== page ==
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Wiseley v. Department of Social Services

United States District Court, D. South Dakota, Western Division

November 13, 2019

MICHAEL WISELEY, Plaintiff,
v.
DEPARTMENT OF SOCIAL SERVICES, in official capacity; and PENNINGTON COUNTY STATES ATTORNEYS OFFICE, Defendants.

          ORDER

          JEFFREY L. VIKEN CHIEF JUDGE.

         INTRODUCTION

         Plaintiff Michael Wiseley, appearing pro se, brought this action pursuant to 42 U.S.C. § 1983. (Docket 1). The court granted plaintiff leave to proceed in forma pauperis but dismissed his complaint for failure to state a claim upon which relief could be granted. (Docket 12). Plaintiff sent the court a letter moving for an extension of his appeal deadline and asking the court to accept his letter as a notice of appeal. (Docket 15). He also moved for leave to proceed on appeal in forma pauperis. (Docket 16). He filed the required prisoner trust account report. (Docket 17). The court grants plaintiff an extension of time to appeal and treats his letter as a notice of appeal, but denies him leave to proceed on appeal in forma pauperis.

         I. Motion to Extend Appeal Deadline

         In his letter, plaintiff stated he “realize[s] this is a bit past the deadline for appeal however [he] was waiting on” a prisoner trust account report. (Docket 15). He also stated he “was never actually sent Notice of Appeal motion papers for this file[.]” Id. He asks the court to accept his letter and his motion for leave to proceed on appeal in forma pauperis as his notice of appeal. Id. He further asks the court to accept the documents “as tardy due to waiting on institution paperwork[.]” Id. The court construes plaintiff's letter as a motion to extend his appeal deadline and a notice of appeal.

         The court entered judgment in favor of defendants on September 10, 2019. (Docket 13). Plaintiff had 30 days to file a notice of appeal. Fed. R. App. P. 4(a)(1)(A). Plaintiff's deadline to appeal was October 11, 2019. Plaintiff's letter was dated October 15 and was filed on October 18. (Docket 15). Federal Rule of Appellate Procedure 4(a)(5) allows a plaintiff to seek an extension of time in which to appeal within 30 days after the appeal deadline. Plaintiff's motion for an extension is timely.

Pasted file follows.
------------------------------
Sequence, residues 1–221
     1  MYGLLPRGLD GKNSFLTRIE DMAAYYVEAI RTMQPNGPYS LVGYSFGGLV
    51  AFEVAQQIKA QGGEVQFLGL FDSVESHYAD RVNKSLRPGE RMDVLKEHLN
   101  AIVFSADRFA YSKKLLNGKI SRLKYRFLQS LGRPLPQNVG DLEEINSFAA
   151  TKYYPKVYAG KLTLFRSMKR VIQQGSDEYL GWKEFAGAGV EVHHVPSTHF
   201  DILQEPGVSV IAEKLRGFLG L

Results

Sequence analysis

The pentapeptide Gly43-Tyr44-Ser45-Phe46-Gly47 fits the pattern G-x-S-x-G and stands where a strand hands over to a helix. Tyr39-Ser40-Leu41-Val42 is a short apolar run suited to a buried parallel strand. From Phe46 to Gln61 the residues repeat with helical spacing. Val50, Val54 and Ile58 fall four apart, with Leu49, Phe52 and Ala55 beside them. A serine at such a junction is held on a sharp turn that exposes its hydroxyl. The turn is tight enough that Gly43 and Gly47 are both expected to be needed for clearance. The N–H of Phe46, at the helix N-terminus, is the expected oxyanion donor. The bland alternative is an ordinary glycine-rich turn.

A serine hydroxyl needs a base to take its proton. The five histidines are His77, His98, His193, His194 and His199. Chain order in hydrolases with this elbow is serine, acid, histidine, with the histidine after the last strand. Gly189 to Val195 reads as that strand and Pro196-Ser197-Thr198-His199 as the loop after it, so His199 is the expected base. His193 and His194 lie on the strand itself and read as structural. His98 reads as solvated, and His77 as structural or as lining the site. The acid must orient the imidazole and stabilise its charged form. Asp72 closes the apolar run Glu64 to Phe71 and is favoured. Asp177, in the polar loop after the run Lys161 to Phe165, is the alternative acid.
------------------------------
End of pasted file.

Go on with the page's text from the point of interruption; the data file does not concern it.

The court may extend the time to file a notice of appeal if the movant “shows excusable neglect or good cause.” Fed. R. App. P. 4(a)(5)(A)(ii).

[The United States Court of Appeals for the Eighth Circuit] consider[s] four factors in determining whether excusable neglect or good cause for an extension exists: (1) the danger of prejudice to the non-moving party; (2) the length of delay and its potential impact on judicial proceedings; (3) the reason for the delay, including whether it was within the reasonable control of the movant; and (4) whether the movant acted in good faith.

Treasurer, Trustees of Drury Indus., Inc. Health Care Plan & Tr. v. Goding, 692 F.3d 888, 893 (8th Cir. 2012). Of these factors, the reason for the delay is the most critical. Id. These factors weigh in favor of granting an extension.